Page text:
I was so excited. We are headed out, our first trip since February when we took our grandchildren back to New Orleans, as we so often did until March and the advent of COVID. We’ve sold our big house, are comfortably settled in our smaller house, and I am SO ready to resume a more normal life.

I had just finished telling AdventureMan about a restaurant in a hotel we have visited several times, but we’ve never stayed in nor eaten in. The menu looks fabulous! (The Franklin in the Gibson Inn, Apalachicola). He looked at me over his reader glasses, lovingly – and sadly.

“”So do you think everyone will be masked and socially distanced?” he asked me.

“Oh,” I responded. Deflated. Sometimes, for a short while, I can totally forget the new reality of masks and social distancing, and not eating in restaurants.

We decided that as we will be staying in a lovely place with condo conveniences, we can order out. It won’t be the same, but the food will be good, we can store our leftovers in a refrigerator, and we can be safe.

Sigh.

I’m still excited. Apalachicola is beautiful, and the hotel where we stay (The Water Street Hotel) is right on the estuary. There are screened balconies where, even in this chilly weather, we can sit out and watch the heron, and fishing birds, and watch the boats stream by. We can head out to St. Marks, famous for the large flights of migratory birds at this time of the year.

It will be cold. It will also be beautiful, and it will be relatively deserted, safe from those globs of corona virus floating around where human beings breathe. We can walk to our hearts content. I can take pictures.

We like birds. We are enthralled with their beauty. It gives me a happy jolt every time I see, from my little house, a pelican, or a stork, or an eagle, or a red shouldered hawk. No, we are not birders. We like birders, but cannot begin to generate their endless enthusiasm and capability for detailed observation. We just sit back and enjoy the moment.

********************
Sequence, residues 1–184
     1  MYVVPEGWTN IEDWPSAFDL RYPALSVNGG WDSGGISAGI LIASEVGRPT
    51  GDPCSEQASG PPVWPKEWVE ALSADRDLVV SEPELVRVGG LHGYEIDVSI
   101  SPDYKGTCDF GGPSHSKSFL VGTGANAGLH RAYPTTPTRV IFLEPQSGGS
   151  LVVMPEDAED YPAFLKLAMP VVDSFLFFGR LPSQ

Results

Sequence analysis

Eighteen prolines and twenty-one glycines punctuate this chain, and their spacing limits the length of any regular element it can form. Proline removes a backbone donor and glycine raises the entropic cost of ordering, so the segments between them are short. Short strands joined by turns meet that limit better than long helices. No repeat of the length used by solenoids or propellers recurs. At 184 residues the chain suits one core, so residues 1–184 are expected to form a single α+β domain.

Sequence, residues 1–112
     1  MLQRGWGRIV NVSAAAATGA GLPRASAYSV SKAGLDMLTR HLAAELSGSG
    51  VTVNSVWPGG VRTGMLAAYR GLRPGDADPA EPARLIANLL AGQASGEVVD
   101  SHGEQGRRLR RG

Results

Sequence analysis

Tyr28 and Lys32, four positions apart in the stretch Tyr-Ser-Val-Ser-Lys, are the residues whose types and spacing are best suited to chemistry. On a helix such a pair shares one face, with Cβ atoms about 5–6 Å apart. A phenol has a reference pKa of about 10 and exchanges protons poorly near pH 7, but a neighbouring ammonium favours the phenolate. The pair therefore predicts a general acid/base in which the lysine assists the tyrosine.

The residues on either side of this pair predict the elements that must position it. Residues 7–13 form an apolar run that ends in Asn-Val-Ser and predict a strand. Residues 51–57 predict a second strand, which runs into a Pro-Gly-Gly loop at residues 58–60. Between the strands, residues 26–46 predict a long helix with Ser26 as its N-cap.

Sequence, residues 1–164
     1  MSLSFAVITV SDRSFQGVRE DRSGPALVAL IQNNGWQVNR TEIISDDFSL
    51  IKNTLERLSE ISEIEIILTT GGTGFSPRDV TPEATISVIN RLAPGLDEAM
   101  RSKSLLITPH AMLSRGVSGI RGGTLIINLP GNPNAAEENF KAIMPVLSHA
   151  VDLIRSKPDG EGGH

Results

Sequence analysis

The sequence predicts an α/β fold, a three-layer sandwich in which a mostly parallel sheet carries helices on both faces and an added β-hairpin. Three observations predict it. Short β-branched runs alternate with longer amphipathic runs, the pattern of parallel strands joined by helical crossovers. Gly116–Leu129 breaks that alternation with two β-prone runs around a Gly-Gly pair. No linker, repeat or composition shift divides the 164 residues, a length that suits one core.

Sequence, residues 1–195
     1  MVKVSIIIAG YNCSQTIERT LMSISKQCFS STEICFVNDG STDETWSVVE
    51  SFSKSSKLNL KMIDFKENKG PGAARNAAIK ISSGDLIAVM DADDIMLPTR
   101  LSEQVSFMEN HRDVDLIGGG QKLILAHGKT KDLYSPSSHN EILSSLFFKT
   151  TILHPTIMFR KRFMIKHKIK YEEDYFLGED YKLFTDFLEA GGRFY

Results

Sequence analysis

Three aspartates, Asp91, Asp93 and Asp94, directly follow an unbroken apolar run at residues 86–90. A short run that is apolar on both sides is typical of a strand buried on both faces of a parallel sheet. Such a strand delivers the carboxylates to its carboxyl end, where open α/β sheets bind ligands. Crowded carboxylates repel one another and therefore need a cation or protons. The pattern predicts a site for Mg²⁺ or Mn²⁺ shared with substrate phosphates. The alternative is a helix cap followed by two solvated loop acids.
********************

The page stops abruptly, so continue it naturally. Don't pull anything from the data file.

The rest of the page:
Apalachicola is a very old Florida town, once famous for it’s timber, and once famous for it’s oysters. The recent hurricane activity has wiped out the tasty Apalachicola oysters, at least for the next few years, and has greatly wiped out the economy of Apalachicola. We look forward to lifting that economy, as best we can, with our visit, and we encourage you to do the same.

January 13, 2021 Posted by | Adventure, Beauty, Birds, Community, Eating Out, Florida, Food, Geography / Maps, Hotels, Living Conditions, Quality of Life Issues, Restaurant, Road Trips, Travel, Wildlife | | Leave a comment

An Edmonds Kind of Day in Pensacola

My husband had agreed to go to the Commissary with me today, and asked what time he needed to be up to go with me. “Oh, some time between 0830 and 0900 would be great.” I replied. He paled, his eyes were desperate, but he didn’t say a thing.

And he was up, early, and dressed and ready to go by 0830, which caught me by surprise, I had thought we would leave closer to nine. By quarter of nine, we were out the door and by 1000, we had finished at the commissary. I found everything I needed except radishes; I have a craving for fresh radishes, and the shelves at the commissary were a little bare.

When we reached home, my husband helped bring in all the groceries, then headed for a little bakery he discovered to pick up a sourdough baguette for dinner.